Improving the appearance of hot-dip galvanized steel

Refining the appearance of HDG steel

The engineer and/or architect often have the greatest influence on the appearance of the HDG coating; much more than the galvanizer. Specification and design practices are highly influential on the initial and final appearance of the coating as well as the overall quality. This makes it important for the design professional to communicate the intended use of the product with the galvanizer and fabricator early in the project to ensure expectations are set and responsibilities are clearly defined.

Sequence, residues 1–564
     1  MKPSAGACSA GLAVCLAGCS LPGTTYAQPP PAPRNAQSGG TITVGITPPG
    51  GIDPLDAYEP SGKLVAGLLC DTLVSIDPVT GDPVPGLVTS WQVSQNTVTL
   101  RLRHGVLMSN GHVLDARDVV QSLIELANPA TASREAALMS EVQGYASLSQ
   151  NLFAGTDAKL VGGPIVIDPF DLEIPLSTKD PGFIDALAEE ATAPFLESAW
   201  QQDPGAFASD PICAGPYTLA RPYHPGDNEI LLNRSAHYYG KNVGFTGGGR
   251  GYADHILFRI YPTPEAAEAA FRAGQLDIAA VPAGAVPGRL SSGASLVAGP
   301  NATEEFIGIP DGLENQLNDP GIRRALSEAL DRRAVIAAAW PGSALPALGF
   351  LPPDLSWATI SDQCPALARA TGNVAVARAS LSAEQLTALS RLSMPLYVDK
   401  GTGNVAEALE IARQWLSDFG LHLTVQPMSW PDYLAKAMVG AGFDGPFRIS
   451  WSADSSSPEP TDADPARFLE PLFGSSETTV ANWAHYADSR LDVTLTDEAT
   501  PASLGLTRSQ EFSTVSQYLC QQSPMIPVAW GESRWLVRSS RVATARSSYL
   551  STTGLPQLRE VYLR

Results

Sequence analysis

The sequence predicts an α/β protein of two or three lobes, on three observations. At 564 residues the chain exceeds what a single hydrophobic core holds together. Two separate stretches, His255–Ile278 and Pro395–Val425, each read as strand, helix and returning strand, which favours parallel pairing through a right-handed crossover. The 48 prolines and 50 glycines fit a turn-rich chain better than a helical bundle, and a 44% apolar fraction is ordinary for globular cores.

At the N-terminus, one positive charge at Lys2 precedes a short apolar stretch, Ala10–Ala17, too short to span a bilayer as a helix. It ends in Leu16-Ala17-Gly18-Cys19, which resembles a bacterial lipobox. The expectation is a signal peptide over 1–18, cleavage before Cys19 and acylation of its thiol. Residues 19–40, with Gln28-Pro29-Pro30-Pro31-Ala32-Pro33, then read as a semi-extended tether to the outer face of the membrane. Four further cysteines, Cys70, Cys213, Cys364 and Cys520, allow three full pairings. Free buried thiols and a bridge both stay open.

The final appearance and finish requirements for HDG coatings are provided in ASTM A123, Standard Specification for Zinc (Hot-dip Galvanized) Coatings on Iron and Steel Products. Prior to the 2018 revision, Canadian standard CSA G164, Hot Dip Galvanizing of Irregularly Shaped Articles, provided an alternative specification for general galvanizing but the standard now applies only to products intended for use in electrical and communication systems. As ASTM A123 was not originally intended to provide an esthetic finish, many natural and common surface conditions (i.e. runs, inclusions, roughness, or excess zinc) are acceptable under this standard if they do not affect the corrosion protection of the coating or intended use of the product. These allowances cause many specifiers to believe elevated esthetics cannot be achieved for artistic designs and architectural members. In reality, these surface conditions can be reasonably ground, sanded, or filed after galvanizing to minimize their appearance, improve uniformity, and achieve a desired look for featured or showcase elements (i.e. architecturally exposed structural steel [AESS], façades, etc.). Further, designers have the option to specify additional design, fabrication, and coating requirements known to improve overall appearance while minimizing time and cost for smoothing after galvanizing.